Politics and sport: a non-fan goes to the football
James Bryce reacquaints himself with the niceties of the national game and finds memories, questions and a few answers being kicked around.
Tynecastle: home of Heart of Midlothian
I'm neither a footballer nor a football fan. My playing went “off the ball” in late primary school owing to a fear of being kicked in the shins. This led to the cunning tactic of running at a distance of three yards from the ball, muttering “To me! To me!” with the blessed assurance that no one would take me up on it.
Until today, I had only ever been at two matches. The first, in Wembley in 1977, remained a blank to me but once the game was over and the Scots fans set about dismantling the goalposts to take home as souvenirs, I did have the delightful vision of a Met inspector, tartan scarf slung round his neck, swigging at a bottle of whisky. At the second – Oxford United I think it was... or was it City? – I made the momentous discovery that footballers did an awful lot of running.
So given all that, why am I heading for Tynecastle, home of Heart of Midlothian FC (dubbed “Swinecastle” by their Edinburgh rivals, Hibernian) on a soggy wet day in June?
The answer lies in the car-park of said ground, where some three dozen pro-Palestinian protesters, keenly watched by a dozen police officers or more, have gathered to vocalise their views on Israel, represented on this occasion by the Israeli women's football team, playing Scotland in some leg of the UEFA cup.
Everything has been passed by the police. However, having been assured that banners are allowed to a height of a metre, we are now informed that the club itself feels that a metre is a metre too high. I have to keep reminding myself that I'm not a criminal.
We take our places in our allocated bank of the stand. The players enter the field, Scotland in the familiar blue tops, Israel all in white. Suddenly, I have a curious feeling of dislocation: they're just wee lassies! Well, maybe not that wee, but I'm sure you know what I mean; they seem so separate from the political landscape we are here to protest about.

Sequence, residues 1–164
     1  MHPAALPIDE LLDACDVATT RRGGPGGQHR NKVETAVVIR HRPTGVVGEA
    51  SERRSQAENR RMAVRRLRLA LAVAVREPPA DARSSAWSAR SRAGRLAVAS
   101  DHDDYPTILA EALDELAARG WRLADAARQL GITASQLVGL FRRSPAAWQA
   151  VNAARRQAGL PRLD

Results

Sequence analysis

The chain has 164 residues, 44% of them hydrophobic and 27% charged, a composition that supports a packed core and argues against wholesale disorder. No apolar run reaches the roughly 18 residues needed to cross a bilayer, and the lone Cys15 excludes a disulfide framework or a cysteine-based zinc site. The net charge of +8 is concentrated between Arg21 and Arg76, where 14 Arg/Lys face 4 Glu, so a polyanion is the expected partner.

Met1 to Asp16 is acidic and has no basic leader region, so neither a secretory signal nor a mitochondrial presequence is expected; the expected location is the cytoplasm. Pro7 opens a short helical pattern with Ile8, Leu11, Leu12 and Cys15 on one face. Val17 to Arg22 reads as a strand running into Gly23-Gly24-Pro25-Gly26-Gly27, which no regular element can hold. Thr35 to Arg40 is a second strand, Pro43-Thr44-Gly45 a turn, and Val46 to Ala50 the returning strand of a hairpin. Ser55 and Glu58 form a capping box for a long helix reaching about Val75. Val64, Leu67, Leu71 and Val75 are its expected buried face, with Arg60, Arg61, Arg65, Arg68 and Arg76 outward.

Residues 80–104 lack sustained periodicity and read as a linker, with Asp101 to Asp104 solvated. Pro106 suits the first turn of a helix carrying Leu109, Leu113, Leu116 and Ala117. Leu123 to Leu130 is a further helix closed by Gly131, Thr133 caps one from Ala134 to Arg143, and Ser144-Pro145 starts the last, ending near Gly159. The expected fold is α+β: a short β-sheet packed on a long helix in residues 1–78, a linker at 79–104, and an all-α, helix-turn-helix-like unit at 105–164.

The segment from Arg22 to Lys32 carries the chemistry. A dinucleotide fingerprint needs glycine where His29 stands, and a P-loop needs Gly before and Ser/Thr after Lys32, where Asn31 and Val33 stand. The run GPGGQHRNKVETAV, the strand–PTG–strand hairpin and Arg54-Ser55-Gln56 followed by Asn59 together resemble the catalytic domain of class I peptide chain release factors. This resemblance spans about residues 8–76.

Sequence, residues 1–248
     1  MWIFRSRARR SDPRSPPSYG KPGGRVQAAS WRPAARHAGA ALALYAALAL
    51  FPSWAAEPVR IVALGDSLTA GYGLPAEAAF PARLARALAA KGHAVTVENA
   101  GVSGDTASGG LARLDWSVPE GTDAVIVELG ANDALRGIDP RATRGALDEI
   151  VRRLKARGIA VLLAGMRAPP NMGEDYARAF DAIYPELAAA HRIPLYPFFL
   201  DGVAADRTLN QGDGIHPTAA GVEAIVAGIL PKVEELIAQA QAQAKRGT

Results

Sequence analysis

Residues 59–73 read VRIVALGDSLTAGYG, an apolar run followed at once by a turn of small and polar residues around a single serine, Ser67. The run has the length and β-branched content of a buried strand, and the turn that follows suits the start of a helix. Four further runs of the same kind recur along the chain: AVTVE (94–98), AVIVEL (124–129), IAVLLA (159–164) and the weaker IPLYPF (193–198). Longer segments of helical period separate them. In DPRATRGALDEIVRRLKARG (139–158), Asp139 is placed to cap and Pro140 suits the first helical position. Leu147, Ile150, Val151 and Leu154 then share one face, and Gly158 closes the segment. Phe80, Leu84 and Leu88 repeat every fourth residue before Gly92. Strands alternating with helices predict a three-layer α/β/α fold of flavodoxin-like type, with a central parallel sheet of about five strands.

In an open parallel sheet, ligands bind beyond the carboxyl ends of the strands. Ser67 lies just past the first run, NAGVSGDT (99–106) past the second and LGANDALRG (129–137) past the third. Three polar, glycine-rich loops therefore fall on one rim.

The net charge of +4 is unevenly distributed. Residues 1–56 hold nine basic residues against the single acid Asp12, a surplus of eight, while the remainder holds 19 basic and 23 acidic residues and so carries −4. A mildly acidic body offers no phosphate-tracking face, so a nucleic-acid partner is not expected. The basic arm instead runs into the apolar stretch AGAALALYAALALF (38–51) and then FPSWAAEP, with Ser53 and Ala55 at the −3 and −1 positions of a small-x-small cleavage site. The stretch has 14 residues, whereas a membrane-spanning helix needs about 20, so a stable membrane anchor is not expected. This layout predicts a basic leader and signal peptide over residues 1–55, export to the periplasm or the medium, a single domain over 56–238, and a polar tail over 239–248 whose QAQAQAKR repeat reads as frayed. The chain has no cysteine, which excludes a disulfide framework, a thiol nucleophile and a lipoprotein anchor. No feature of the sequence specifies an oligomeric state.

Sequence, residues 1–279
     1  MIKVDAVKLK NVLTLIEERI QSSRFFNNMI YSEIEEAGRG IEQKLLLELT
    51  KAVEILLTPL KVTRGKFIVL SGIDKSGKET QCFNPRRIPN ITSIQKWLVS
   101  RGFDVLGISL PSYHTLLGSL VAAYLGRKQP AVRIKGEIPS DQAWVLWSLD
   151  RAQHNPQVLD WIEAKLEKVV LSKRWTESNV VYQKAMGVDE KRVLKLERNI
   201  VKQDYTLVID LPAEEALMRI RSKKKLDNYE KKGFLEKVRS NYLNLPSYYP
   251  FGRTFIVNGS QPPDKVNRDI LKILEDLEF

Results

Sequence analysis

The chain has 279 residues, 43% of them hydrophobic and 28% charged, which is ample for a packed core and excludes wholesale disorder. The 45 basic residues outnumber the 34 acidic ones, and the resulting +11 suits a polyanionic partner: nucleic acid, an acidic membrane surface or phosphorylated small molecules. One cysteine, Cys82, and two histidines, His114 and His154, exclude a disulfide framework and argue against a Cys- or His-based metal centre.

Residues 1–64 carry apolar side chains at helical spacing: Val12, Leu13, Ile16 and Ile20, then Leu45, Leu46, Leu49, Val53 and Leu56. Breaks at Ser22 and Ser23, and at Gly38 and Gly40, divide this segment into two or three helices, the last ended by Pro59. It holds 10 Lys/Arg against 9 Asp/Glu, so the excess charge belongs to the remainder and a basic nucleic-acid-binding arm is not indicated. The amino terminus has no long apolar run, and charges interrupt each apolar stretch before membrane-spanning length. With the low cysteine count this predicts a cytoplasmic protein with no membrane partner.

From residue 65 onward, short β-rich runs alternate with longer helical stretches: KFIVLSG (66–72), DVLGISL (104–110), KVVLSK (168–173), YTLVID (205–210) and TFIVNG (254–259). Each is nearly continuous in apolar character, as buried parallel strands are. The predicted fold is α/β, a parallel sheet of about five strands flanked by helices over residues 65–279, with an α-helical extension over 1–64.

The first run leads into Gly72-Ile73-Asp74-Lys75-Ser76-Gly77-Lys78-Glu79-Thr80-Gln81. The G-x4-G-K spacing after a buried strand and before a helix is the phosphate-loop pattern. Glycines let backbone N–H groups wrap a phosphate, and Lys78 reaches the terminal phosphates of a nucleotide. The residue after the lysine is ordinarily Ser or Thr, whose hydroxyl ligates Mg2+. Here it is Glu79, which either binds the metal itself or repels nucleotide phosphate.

The game starts. Gemma Fay, the Scottish goalie (her 142nd cap for Scotland) stands forlorn at her posts, the reason being that all the play is at the other end. Thirty minutes later, Israel are five goals down. The Scottish team skills are well evident, and for the first time I begin to appreciate the teamwork involved.
All the while, the chants go on. I develop a rather personal system: if the ongoing chant is making a political point, I happily join in; if it gets on to casting aspersions on their playing – and frankly they have some way to go – I keep quiet, or divert the chant back to the original theme. Fair enough, some of the less salubrious slogans are things you would hear at any match, but I feel I want to stick to the point. I notice we are filmed by one of our law-enforcing guardians. Again the feeling of a criminal.
At half-time, conversations are struck up. Some people ask why we are here, so we explain. One, quite strident, yells angrily, “Leave the lassies alone! They just want to play football! What has the Middle East goat tae dae wi' us? Or you?”
And indeed it is difficult to explain. How do you start to explain the interlinkedness of all things? At one level, the local level, there is only the match itself: just two teams using their skills to outplay each other. At another level, the global level, there is money, trade, countries rubbing each others’ backs. In a word, politics. And individually, in this country at least, there is the democratic right to express one's views, wherever and whenever, using whatever vehicle we can to inform, be it to only a few passing punters at a match.
It's an uneasy conundrum. It would be wonderful if sport could be kept separate from politics as a whole, but personally I don't think it can.
The teams leave the pitch, whites now totally muddied. Scotland eight, Israel nil.
As I make my way home, frozen and drenched, a sudden thought comes to me: why are Israel in the UEFA cup? Isn't that for European teams? Why are they here? A moment’s reflection brings the answer: “No one in their region will play them.”
So why are they in Scotland? Someone must have made the decision. No, I don't think it can be kept separate. And I don't think it is.
James Bryce is The Leisure Review’s Scottish arts correspondent.
The Leisure Review, July/August 2012
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